Looking bac'kward over: 30 years it
seems strange that the slightest doubt
ahout thle result of the camp)aign
was entertained b)y anybody. Think
of that glorious, that matchless body
of trained, intrepid, skilled Confeder
ate veter'ans in the vigor of middle
life, toughmened in every fibre and1 mas
ters of all thle arts of strife, followed
by the biold generat ion of boys nour
body to visit our
ir money's worti
,Notions, Coats e
Prices jor Car
th 6 1 -2c., Price
>mespun worth 81
worth 6 1 -2c., pri
rorth I 2c., price E
>rth 6 1-2c.. pr.ice
's Under Shirts v~
:s at your own pr
s~, size '10 to 14 ye
mnd Coats at pric4
HE RIGHT P]
ilding. Lower Ma
ished on the milk of war and now in I
the prime of young inanhood.-think
of the ' 'es of ignorant negroes led
by the . jackets of the North and
the white vultures of the South who
were the foe-how could the former
lose? Yet with the relentless military
leader, Grant, in the White House,
with Thad Stevens and Oliver Mor..
ton behind him with their vials ,of
falsehood pouring into his ears, with
a dozen years of the State prostrated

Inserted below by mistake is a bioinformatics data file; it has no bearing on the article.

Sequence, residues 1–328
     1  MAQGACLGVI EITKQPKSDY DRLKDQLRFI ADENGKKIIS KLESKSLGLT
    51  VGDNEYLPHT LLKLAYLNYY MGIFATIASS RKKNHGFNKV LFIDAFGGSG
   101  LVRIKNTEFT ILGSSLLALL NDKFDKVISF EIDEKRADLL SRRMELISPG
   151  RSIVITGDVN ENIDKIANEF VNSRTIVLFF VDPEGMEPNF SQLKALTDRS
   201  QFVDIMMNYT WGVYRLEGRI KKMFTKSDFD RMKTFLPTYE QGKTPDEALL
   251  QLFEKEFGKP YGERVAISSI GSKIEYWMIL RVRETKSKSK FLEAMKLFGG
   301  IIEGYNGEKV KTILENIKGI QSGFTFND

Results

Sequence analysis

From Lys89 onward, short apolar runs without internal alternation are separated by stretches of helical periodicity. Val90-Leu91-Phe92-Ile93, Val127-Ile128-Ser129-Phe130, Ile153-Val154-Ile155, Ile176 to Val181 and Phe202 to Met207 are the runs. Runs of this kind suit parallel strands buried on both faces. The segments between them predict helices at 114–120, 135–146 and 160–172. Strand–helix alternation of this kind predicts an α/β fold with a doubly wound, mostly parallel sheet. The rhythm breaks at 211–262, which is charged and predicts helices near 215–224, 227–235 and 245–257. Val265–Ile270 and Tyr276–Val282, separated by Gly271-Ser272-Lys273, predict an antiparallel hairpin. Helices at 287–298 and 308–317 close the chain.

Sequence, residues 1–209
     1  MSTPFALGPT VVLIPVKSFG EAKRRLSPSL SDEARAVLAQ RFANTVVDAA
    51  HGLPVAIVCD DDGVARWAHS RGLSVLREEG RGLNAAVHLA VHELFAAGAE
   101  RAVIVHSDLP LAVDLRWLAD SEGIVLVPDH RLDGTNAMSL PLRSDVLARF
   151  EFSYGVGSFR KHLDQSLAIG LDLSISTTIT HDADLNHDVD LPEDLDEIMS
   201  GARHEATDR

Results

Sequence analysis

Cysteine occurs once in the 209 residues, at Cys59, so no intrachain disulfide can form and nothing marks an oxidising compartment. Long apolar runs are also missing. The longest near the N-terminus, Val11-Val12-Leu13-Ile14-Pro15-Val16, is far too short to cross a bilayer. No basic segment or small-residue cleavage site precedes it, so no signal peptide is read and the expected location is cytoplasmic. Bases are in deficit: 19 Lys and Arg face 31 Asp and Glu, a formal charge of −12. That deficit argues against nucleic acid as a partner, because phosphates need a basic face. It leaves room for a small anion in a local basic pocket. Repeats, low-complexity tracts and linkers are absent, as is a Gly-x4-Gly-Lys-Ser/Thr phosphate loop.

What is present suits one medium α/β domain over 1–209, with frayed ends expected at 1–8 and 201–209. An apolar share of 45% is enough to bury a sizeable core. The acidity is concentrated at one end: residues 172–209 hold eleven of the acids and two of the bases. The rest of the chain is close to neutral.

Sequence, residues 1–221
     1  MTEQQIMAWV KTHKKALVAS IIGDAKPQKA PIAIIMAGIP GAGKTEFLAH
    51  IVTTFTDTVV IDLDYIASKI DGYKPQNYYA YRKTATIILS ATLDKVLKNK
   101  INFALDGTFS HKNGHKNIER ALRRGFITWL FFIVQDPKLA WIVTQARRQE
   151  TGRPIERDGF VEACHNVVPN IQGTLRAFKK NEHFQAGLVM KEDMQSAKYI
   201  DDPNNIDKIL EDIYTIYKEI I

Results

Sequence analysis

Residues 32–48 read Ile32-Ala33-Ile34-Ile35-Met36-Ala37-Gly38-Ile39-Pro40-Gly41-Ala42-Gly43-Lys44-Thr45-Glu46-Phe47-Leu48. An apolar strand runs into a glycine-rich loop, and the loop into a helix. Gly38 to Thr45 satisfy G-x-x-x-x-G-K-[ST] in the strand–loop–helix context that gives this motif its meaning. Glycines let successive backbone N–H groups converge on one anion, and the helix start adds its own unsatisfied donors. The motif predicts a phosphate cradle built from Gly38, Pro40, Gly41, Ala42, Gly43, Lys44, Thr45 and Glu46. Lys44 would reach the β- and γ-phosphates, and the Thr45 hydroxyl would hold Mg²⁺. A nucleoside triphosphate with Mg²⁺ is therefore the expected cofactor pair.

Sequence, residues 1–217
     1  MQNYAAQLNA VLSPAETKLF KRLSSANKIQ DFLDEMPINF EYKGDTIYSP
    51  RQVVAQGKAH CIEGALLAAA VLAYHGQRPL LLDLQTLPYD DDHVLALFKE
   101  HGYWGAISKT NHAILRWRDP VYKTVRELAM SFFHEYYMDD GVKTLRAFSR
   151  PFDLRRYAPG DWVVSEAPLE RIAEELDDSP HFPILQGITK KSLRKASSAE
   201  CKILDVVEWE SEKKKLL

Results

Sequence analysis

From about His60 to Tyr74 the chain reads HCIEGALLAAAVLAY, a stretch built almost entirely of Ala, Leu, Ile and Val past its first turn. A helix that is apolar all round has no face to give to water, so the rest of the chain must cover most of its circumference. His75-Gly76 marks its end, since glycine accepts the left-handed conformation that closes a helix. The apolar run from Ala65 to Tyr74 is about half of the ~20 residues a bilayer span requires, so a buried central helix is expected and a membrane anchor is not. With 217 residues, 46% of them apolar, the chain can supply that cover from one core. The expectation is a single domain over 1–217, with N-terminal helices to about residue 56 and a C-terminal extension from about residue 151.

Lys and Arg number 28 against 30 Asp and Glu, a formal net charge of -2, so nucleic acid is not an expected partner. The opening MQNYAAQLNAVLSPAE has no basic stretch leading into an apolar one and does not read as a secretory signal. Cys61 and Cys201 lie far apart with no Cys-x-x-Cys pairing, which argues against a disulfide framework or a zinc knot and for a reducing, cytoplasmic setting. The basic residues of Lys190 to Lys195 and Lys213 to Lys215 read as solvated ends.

and Fedei'al bayonets at her throat
while drunken ''freedmen''danced on
her wounded body-without a leader
so great in proved and dashing cour
age that his smile cowed to silence the
whisper that any Carolinian lacked
it, and yet of self-control, of judg
ment, of calmniess much greater that
he could lead a , host whose hearts
blazed with consuming fury to a vic
tory, safe, certain, beeause unsmirch
ed with blood-they must have lost!
This leader they found in Hamptoh.
Reflections of a Bachelor.
It's awful extravagant to get di
vorced from a rich wife.
We should always like to see our
relatives if they never came near us.
A funny thing is the way a woman
can keep her feet warm by wearing a
A woman has a hard time convine
hig herself that her boy would be